Topic: Speakers

September 16, 2008

Ball State University will host a live interview with the world's pre-eminent field biologist and recipient of the 2008 Indianapolis Prize, George Schaller.

"A Life in the Wild: A Conversation with George Schaller" will be broadcast live in front of a studio audience on select PBS stations and simulcast worldwide over the Internet at 7 p.m. Sept. 29 from the Ball Communication Building. To receive more information or register for the webcast, visit

The one-on-one interview with Schaller offers a rare chance to hear this intrepid scientist share his passion for endangered species and the environment. The hourlong conversation will delve into his exciting adventures of animal research and conservation. Schaller's own rich photography and video pieces will introduce segments of the show including his groundbreaking research on Serengeti lions, giant pandas, mountain gorillas and the Tibetan antelope.

Schaller was awarded the $100,000 Indianapolis Prize - the world's leading award for animal conservation - for his numerous successes, including the development of 15 wildlife reserves around the world, such as the Arctic National Wildlife Refuge in Alaska, the Chang Tang Wildlife Reserve in Tibet, and an international peace park in the four corners of Pakistan, Afghanistan, China and Tajikistan, where war has harmed wildlife conservation efforts. He is the author of more than 220 popular and scientific articles and 16 books.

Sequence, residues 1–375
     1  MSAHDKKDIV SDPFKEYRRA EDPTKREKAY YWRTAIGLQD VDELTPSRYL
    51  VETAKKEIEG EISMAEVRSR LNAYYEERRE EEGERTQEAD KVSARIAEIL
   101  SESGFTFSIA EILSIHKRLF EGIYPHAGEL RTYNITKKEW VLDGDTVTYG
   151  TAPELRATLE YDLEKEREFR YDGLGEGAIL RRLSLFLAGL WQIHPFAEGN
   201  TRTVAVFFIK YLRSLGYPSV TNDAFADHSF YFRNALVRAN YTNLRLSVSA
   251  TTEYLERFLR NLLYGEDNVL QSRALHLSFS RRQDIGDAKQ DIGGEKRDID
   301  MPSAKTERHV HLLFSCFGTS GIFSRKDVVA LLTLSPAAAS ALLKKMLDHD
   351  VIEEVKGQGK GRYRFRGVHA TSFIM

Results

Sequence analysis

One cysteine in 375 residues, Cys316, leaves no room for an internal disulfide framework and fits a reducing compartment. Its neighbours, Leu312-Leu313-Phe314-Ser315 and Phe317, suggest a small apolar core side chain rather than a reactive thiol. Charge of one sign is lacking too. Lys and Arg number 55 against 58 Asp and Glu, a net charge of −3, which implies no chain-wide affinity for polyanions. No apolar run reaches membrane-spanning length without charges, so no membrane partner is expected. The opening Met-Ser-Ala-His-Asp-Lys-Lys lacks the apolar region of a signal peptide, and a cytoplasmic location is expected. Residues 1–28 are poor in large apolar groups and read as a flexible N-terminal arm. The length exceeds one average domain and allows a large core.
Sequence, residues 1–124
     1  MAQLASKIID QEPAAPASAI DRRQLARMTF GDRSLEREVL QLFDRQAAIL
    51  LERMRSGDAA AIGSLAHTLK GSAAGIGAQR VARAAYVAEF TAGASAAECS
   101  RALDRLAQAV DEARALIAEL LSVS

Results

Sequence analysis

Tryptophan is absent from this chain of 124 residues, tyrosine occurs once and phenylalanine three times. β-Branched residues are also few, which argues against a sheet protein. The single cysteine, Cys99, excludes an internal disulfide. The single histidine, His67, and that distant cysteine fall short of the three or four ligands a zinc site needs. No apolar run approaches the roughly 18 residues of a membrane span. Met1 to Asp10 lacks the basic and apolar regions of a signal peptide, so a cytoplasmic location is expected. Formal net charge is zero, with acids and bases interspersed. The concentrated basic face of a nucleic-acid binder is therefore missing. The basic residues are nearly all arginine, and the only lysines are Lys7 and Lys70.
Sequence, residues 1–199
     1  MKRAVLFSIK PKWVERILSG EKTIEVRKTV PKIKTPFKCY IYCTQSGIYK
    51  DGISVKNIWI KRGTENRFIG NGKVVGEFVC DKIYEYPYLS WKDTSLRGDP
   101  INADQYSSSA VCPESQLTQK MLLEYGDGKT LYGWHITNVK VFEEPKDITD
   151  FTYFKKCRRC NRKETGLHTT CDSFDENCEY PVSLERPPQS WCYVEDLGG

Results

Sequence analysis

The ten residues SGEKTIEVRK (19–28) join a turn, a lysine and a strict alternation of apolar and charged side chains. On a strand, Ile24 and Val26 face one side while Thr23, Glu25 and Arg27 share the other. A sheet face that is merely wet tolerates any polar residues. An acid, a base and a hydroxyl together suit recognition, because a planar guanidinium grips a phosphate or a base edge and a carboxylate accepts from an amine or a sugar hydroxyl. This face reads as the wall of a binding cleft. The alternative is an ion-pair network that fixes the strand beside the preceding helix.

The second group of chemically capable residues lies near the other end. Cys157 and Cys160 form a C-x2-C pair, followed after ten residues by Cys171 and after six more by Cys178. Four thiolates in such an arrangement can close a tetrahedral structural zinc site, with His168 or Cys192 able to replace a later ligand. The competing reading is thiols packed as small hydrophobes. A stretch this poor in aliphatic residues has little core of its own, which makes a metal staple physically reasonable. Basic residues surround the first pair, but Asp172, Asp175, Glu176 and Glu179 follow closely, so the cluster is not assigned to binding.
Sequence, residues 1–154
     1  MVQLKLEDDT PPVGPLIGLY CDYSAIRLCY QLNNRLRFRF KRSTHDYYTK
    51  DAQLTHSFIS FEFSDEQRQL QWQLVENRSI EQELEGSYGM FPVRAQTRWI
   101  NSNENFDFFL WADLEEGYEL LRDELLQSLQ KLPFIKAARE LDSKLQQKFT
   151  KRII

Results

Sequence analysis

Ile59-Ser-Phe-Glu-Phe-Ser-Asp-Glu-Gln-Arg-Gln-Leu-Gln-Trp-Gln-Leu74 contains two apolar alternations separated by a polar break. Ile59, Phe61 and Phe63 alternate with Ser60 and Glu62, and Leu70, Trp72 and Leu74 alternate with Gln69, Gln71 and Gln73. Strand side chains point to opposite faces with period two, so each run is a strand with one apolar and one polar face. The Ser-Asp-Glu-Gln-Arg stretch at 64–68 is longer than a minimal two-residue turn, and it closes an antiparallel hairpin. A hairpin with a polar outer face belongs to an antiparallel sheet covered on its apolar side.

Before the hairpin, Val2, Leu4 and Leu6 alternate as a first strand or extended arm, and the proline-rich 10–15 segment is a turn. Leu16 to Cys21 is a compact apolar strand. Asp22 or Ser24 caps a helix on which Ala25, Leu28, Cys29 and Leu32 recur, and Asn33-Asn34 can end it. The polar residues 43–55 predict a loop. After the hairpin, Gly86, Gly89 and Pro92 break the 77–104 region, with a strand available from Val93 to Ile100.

The program will conclude with a question-and-answer session from the studio audience as well as outside viewers. The program is free and available to the general public, but seating is limited. The program will be offered on WIPB-TV in east central Indiana, WFYI in Indianapolis and on most Indiana PBS affiliate stations.

Anyone with video streaming capabilities can participate in the simulcast online. University and high school faculty can also register for special high throughput video streams that would allow for an entire class to view the simulcast. Limited space remains available.